Firefighters fit right in

Editor’s note: The “Meet the” series profiles the people behind groups, organizations and businesses in the community.

Lillian Bowe: Portales News-Tribune Richard Montano checks one of the fire trucks at the Portales Fire Department station. Montano, from Farmington, joined the fire department six months ago.

Lillian Bowe: Portales News-Tribune
Richard Montano checks one of the fire trucks at the Portales Fire Department station. Montano, from Farmington, joined the fire department six months ago.

By Lillian Bowe

PNT staff writer

lbowe@pntonline.com

Richard Montano, 20, joined the Portales Fire Department six months ago, but he has not always wanted to be a firefighter.

“I had a silly childhood dream that I wanted to be a firefighter, but it was never serious,” Montano said.

Not until his senior year at Farmington High School when he took courses in fire science for dual credit did he know.

“Portales is different, but a good different. It is smaller than my hometown and people are friendlier,” Montano said.

A typical shift for a firefighter, according to Montano, is a 24-hour shift followed by a 48-hour break, but they often remain on call.

Tanner Elliot, 20, from Cortez, Colo., has been at Portales for 10 months and was in the same class as Montano at the New Mexico Firefighting Academy.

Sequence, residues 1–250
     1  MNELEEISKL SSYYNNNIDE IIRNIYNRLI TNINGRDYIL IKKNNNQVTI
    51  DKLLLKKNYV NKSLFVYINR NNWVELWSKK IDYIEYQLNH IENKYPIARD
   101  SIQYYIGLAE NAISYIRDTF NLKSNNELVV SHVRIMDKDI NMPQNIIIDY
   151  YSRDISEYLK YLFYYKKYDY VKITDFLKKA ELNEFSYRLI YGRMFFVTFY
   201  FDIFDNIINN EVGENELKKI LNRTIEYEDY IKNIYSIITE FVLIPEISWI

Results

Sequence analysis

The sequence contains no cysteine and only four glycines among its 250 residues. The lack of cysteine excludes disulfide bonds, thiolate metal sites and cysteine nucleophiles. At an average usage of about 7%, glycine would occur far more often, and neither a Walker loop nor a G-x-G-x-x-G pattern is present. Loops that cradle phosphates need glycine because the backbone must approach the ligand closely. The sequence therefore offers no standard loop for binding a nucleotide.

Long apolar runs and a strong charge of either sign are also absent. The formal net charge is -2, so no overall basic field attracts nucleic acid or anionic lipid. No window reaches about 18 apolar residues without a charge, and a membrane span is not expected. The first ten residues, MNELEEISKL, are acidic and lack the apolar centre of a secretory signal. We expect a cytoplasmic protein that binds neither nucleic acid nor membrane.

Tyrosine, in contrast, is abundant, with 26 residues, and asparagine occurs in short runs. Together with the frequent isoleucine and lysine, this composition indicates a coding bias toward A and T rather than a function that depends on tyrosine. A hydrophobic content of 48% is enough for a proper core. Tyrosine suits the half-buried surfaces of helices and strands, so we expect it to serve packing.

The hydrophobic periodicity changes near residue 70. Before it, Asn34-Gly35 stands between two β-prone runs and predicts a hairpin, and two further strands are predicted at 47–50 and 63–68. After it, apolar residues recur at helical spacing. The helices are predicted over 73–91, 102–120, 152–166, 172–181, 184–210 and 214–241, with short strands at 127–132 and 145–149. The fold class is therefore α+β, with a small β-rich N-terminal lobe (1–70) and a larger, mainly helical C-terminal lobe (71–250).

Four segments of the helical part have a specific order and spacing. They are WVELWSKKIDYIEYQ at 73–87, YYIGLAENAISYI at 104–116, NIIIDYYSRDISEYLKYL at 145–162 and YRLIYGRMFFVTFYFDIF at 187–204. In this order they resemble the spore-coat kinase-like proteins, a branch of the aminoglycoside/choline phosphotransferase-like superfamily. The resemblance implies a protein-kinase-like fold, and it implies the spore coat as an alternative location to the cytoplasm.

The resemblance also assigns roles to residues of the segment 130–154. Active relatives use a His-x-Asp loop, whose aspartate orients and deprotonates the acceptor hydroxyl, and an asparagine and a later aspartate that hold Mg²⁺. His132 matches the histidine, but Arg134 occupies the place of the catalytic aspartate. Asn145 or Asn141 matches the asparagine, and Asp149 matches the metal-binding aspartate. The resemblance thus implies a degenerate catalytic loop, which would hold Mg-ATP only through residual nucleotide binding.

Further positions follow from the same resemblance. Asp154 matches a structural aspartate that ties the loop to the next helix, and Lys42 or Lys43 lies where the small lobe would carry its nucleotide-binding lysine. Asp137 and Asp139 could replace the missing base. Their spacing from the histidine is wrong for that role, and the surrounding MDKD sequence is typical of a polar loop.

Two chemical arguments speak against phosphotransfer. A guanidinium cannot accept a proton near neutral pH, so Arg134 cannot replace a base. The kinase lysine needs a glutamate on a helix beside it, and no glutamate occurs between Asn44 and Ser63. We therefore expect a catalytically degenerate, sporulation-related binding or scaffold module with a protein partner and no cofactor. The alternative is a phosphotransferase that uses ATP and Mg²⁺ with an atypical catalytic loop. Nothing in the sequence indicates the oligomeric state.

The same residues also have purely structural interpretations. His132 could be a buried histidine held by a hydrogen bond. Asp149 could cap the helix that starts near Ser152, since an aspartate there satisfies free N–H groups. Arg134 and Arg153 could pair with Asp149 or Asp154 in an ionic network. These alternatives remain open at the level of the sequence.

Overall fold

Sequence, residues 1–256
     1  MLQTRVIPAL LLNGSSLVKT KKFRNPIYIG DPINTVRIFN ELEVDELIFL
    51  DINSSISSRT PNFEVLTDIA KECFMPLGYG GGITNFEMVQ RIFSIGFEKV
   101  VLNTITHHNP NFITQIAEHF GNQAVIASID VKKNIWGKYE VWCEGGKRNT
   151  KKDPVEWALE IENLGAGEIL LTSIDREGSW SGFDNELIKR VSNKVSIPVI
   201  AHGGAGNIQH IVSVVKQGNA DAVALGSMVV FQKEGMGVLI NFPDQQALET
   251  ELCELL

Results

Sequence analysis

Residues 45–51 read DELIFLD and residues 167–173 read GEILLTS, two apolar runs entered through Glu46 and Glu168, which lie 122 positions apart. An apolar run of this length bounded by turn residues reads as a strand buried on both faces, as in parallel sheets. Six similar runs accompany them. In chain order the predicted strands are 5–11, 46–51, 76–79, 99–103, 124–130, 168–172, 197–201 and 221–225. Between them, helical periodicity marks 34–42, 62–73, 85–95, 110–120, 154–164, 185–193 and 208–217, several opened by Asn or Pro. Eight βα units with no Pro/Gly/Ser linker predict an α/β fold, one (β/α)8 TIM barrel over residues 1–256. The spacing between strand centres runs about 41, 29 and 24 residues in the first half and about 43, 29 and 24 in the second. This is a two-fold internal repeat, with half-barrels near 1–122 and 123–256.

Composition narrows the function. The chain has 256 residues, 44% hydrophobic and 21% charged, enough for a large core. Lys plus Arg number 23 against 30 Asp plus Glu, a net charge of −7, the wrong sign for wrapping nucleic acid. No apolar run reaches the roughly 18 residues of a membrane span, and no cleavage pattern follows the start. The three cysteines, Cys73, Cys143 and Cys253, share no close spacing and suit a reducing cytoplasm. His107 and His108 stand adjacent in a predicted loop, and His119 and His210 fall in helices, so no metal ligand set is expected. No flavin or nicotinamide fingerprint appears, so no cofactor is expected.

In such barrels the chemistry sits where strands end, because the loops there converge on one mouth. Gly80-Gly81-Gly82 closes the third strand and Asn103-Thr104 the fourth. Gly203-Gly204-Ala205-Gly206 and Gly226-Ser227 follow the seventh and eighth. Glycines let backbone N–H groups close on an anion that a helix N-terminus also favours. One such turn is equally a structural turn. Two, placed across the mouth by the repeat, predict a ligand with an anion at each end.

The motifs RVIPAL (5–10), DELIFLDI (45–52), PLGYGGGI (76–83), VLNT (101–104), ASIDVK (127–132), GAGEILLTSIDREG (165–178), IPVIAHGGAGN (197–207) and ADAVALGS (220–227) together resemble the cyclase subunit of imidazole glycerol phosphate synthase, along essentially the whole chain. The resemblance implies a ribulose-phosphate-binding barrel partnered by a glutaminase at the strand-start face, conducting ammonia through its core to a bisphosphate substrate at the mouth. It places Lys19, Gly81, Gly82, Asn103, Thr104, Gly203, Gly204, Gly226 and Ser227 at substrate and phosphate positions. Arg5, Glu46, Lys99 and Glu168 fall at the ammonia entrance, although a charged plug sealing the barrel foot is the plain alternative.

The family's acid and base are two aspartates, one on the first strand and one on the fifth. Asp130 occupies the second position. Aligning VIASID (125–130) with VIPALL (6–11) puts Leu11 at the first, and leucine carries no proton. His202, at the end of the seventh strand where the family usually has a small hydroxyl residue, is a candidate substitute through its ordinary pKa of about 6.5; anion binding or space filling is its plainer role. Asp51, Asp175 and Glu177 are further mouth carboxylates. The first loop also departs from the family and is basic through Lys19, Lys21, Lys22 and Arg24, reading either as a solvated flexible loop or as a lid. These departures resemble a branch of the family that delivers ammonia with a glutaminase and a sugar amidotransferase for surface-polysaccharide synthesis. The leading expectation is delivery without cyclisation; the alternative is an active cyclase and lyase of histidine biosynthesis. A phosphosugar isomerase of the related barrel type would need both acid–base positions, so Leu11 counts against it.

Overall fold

“For me, I have always wanted to be a firefighter. I took classes in high school for dual credit and had my basic EMT done,” Elliot said.

Elliot and Montano said they love their job.

“When there is not a fire though, we have training in the morning and other chores we do around the station,” Elliot said.

Some chores they do are basic maintenance around the station, like keeping the kitchen clean and checks on the fire trucks.

Elliot’s hometown in Colorado is about the same size as Portales, something he enjoys.

“I love the small town feel of Portales, it is a lot like my home,” Elliot said.

For Elliot and Montano, being the new members of the station could have been intimidating, but they said they felt like part of the team immediately.

“Sometimes when I am on my 48 hours off, I come to the station just to be with the guys. I already feel like part of the family,” Montano said.

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